House Energy & Commerce Committee is looking into concerns regarding mobile payments security
Mobile payments will reach a new high this year in the United States, powering by the growing adoption of new payment services that allow consumers to shop online more conveniently. According to recent reports from CNET and Juniper Research, some two-thirds of adults in the country now own a smartphone, with approximately 36 million people expected to make a mobile transaction this year. This information was presented to a hearing of the House Energy & Commerce Committee, which has been expressing concerns regarding mobile payments fraud.
Security continues to be a significant problem in the mobile space
Security in the mobile payments field has been a point of concern for federal officials for some time. Many consumers have become the victims of fraud in the past, following high-profile data breaches that targeted some of the country’s largest retailers. The hearing found that while most mobile payments solutions are, indeed, quite secure, they do not have the same legal and legislative protections that more conventional payment solutions enjoy.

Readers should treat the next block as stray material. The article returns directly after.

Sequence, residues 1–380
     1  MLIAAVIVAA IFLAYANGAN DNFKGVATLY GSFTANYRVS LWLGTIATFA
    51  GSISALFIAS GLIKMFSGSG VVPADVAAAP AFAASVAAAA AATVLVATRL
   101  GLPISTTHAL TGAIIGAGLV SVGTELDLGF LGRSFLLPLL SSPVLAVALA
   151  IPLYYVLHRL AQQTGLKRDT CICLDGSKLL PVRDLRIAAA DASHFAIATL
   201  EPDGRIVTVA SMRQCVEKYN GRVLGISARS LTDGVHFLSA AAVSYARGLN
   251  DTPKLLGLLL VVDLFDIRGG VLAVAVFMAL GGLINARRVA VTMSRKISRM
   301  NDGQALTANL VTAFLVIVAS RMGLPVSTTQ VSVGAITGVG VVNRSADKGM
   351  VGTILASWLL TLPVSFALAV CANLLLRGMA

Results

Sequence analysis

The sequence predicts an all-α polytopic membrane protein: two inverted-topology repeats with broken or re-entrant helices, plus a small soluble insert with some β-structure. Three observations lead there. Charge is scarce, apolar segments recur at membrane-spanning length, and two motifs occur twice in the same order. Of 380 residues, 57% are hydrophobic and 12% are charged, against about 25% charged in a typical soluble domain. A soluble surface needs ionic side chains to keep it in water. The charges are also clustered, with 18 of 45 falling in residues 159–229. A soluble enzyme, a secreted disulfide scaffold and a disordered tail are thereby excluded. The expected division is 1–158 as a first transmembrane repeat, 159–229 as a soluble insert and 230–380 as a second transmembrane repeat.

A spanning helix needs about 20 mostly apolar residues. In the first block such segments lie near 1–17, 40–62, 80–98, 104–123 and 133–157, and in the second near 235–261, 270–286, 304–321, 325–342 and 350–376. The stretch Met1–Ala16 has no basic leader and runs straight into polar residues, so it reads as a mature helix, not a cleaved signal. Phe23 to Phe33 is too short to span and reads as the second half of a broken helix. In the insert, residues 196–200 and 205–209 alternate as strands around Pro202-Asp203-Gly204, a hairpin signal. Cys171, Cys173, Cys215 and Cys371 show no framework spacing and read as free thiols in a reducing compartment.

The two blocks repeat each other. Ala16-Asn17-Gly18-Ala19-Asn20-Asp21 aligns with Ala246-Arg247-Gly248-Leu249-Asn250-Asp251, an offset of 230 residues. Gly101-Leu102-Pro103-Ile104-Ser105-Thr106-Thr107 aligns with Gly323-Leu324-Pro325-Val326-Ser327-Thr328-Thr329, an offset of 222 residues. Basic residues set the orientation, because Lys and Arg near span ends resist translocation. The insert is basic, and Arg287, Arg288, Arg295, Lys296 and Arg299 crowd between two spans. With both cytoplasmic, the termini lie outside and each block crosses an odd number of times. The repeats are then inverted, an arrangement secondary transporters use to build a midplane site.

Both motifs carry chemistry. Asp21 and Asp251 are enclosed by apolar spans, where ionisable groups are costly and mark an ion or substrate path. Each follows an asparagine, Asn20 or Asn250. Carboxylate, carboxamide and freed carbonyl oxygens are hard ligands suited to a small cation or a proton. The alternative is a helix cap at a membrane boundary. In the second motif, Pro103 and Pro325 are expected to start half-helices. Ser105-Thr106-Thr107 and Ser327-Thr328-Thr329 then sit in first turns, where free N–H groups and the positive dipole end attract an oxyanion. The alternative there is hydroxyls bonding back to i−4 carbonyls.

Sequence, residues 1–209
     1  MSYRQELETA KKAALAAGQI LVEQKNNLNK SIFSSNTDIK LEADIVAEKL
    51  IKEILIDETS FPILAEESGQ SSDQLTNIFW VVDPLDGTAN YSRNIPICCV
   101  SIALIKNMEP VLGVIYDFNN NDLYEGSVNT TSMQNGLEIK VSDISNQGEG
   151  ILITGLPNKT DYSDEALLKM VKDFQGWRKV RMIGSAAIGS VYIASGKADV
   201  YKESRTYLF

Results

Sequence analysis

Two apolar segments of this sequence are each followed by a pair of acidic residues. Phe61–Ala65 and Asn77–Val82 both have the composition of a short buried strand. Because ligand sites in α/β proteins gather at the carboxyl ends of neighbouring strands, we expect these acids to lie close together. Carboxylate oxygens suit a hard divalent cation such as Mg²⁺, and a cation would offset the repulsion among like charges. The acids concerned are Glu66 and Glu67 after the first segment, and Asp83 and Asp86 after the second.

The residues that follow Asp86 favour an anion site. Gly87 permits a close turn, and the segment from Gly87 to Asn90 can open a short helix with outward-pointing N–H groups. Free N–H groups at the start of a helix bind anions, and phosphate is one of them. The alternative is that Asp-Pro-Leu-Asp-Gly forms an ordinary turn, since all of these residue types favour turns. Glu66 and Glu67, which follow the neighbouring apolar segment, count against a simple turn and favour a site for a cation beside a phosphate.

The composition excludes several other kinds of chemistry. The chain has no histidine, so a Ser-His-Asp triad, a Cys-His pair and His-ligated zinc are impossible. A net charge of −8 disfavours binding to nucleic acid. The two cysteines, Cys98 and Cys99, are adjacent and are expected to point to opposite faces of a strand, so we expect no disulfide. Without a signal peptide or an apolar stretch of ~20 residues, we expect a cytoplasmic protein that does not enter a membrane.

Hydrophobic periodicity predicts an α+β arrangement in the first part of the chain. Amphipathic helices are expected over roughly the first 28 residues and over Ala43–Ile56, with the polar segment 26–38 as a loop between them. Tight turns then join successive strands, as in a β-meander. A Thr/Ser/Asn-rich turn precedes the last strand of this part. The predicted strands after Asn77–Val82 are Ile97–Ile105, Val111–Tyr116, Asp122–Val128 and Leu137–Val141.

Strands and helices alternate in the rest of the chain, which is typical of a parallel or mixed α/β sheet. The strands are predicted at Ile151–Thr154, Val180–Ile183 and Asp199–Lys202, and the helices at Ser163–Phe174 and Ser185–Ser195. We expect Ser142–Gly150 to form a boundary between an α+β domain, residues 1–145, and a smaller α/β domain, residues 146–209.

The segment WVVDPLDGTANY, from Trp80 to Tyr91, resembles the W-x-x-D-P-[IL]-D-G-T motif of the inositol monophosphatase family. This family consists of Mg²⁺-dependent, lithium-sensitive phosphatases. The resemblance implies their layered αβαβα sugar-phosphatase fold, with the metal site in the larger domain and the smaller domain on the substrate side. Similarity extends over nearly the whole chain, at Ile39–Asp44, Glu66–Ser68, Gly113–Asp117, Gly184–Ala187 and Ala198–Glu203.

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Committee will not yet be taking legislative action on mobile security
The House Energy & Commerce Committee has noted that the hearing was a preliminary hearing concerning mobile payments security. The committee has not yet announced plans concerning what can be done to improve security. As such, there will be no legislative action taken on issues regarding security for the time being. The committee is seeking more information from stakeholders in the mobile payments space. This information could be used to improve the overall mobile payments space, ensuring that consumer information is well protected in the future.
Ensuring the security of consumer information remains a top priority in the mobile space
The mobile payments space is still relatively new. While many of the organizations participating in this space have extensive experience regarding commerce, they are finding the mobile space to be exposed to significant risks that they are still attempting to adapt to. More regulatory oversight may be needed to ensure consumer protection, but the federal government must collect more data before taking any significant legislative action on the matter.